Dentistry Frequently Asked Questions

How does a dentist manage his time to meet the demands of his patients?

Although dentists are trained in the operations that have become synonymous with the various specialty fields of dentistry, family dentists often choose to send these more lengthy and complicated procedures out to a specialist. This allows the general dentist to serve more of

What are the character traits of a good dentist?

Enjoying the work you do can certainly help you to become good at it. Those who feel personally rewarded by helping others may find a career in dentistry appealing. A confident and reassuring demeanor can be very helpful when working with a reluctant patient. Good interpersonal skills are a must as there are few professionals that work as closely with their clients as dentists.

Although many dentists and dental specialists would refer to their profession as an art, they would be quick to point out that it is first a science that has advanced over many years. Because there is a scientific method to dentistry, the willingness and ability to follow a text-book approach, without compromise for time or convenience, is crucial to being a good dentist. A good dentist is exacting in his work and very detail oriented. Some dentists who are recognized for excellence in their field refer to themselves as perfectionists.

What is the importance of manual dexterity?

The daily procedures of a dentist require a tremendous amount of coordination and manual dexterity. In fact, as part of the standardized dental school admissions application process, a would-be student is asked to explain how they have proved themselves to be manually dexterous enough for a career in dentistry. Everything from playing guitar to tying fishing flies can help develop the dexterity needed to more safely perform dental procedures.

What are some challenges dentists encounter?

Dentistry in all it’s variations can be physically demanding and carry with it long hours. A dentist must be available to his patients in the event of dental emergency and is usually on-call, at least in a consolatory capacity, all hours of the day. With walk-in emergencies dentists can find themselves working well beyond their normal hours of practice. Because dentistry is commonly associated with pain, a dentist may also meet the challenge of overcoming a patient’s apprehension to treatment and surgery.

How do dentists mitigate pain?

Dentistry has the unfortunate stigma of being associated with pain. Special considerations are taken because of the high concentration of nerves in and around the teeth. Refined techniques of pain control have reduced the occurrence of pain experienced during and after procedures. Topical anesthetics are used frequently, especially to numb the tissue before a syringe is used to inject a local anesthetic. A local anethetic is sufficient to dull the pain for most dental procedures and minor operations. For more serious operations like the removal of multiple deeply impacted wisdom teeth, sedation may be required. Dentists will often prescribe patients one of many pain killers of varying strengths to control pain they may experience in the days following an operation.

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What is the psychology of pain mitigation?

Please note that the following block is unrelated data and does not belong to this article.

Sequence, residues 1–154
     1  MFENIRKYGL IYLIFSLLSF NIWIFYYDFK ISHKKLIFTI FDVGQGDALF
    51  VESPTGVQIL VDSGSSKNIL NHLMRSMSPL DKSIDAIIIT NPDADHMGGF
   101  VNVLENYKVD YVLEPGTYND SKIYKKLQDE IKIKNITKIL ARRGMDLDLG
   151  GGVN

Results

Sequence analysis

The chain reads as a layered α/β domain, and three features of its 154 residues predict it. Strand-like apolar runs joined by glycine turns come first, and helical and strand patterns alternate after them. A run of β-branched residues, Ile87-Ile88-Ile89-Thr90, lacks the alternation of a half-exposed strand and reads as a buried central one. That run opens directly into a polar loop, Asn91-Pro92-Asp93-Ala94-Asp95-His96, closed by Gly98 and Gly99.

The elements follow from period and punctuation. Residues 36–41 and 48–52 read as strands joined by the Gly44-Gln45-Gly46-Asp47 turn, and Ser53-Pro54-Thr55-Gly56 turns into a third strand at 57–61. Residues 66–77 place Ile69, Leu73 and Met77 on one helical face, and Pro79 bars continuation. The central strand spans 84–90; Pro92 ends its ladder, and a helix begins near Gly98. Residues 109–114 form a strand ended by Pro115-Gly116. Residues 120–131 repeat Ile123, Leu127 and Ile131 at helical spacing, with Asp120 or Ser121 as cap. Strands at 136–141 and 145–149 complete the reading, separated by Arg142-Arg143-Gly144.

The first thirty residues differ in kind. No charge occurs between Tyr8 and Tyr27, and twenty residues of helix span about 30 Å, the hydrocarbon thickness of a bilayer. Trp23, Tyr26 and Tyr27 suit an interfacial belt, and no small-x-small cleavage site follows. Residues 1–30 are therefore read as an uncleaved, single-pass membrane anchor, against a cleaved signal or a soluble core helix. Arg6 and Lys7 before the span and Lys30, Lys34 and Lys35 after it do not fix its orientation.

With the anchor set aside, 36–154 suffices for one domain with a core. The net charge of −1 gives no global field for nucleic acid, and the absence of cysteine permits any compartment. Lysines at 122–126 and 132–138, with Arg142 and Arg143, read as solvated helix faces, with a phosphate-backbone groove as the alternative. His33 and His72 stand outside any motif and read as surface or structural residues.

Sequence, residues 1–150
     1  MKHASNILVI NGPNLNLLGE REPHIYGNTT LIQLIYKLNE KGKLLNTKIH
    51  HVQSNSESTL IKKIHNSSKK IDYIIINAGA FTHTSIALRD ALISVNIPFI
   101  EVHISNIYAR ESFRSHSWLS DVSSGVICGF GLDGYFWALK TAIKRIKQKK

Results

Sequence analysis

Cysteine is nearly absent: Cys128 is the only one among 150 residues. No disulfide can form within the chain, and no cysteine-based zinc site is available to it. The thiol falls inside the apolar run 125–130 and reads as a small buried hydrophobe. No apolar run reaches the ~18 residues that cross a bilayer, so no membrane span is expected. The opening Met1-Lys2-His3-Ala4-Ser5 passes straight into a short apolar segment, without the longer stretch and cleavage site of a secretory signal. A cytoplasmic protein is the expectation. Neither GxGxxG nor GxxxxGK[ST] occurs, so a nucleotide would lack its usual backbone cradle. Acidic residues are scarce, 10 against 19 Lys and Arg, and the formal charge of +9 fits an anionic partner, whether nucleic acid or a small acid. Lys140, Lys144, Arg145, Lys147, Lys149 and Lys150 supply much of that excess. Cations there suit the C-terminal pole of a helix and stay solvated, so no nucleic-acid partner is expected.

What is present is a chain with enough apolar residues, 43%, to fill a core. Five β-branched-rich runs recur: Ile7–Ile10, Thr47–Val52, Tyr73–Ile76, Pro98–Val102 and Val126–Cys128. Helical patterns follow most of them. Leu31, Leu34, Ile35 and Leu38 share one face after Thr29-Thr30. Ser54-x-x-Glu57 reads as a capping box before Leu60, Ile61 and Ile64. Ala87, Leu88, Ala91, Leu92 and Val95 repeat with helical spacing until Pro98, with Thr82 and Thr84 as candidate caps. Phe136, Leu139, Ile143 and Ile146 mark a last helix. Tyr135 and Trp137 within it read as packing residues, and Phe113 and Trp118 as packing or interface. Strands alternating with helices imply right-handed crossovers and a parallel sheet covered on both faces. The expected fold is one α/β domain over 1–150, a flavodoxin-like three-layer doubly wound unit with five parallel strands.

Interestingly there is some applied psychology involved in dentistry in general, and in the injection process of a local anesthetic in particular. A technique known as “the velvet touch” can be employed. This technique involves speaking to the patient using calm, reassuring tones while injecting local anethetic with a syringe into the gum tissue or maxillofacial area. This technique also involves keeping the instrument tray with the syringe on it behind the patient so that it’s out of view. Care would also be taken to pass the syringe in and out of the mouth such that the patient can’t see it. This is done to prevent any apprehension the patient may feel seeing a large stainless steel syringe before a procedure.

What are the methods of infection control?

The nature of a dentist’s work requires special attention be paid to infection control. A dentist’s office is maintained as a highly sanitary setting. Before beginning a procedure a patient will be required to rinse their mouth with an antimicrobial solution to reduce the number of microorganisms that might enter the patient’s bloodstream in the course of a procedure. This also has the effect of reducing the dentist’s exposure to microorganisms and reduces contamination of equipment operating surfaces. Special care is taken to avoid injecting anesthetic in an infected area so as to avoid causing the spread of infection to surrounding tissue. Antibiotics are often prescribed as treatment for oral infection.

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How do dentists work together?

Dentistry is unique as a medical profession in that dentists typically work either independently or with just one other assistant rather as part of a larger team. However, working relationships still exist between general dentists and dental specialists. Patients are often referred to specialists for treatment after having been diagnosed by their family dentist. For example, a patient visits his family dentist complaining of a toothache. Upon X-raying the patient’s mouth the dentist discovers decay below the enamel that will likely require a root canal and refers his patient to an endodontist.

When working on a patient, a general dentist or specialist is privy to viewing the work the other has done. This allows them the opportunity to make a personal assessment of the quality of work. It’s common for a family dentist to maintain a close network of specialists that he’s worked with over the years so as to refer his clients to somebody whose work he’s grown to trust.

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